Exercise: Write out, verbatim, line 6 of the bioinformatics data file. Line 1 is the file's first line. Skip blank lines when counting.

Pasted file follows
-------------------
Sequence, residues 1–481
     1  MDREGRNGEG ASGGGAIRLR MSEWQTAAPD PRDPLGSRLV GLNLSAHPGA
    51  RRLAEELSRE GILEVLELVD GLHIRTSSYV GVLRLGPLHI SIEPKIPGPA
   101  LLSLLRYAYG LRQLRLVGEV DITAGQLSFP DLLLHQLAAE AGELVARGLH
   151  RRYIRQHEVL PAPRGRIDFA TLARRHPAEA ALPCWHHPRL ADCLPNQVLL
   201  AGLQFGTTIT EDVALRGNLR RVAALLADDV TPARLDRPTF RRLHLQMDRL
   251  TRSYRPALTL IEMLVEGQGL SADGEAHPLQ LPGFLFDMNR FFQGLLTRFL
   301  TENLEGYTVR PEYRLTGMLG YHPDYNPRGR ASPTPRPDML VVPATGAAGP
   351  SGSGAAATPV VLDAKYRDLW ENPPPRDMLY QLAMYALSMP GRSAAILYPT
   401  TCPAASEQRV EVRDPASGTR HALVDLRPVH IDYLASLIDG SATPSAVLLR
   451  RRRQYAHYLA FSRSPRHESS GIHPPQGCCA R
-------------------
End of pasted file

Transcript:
   201  AGLQFGTTIT EDVALRGNLR RVAALLADDV TPARLDRPTF RRLHLQMDRL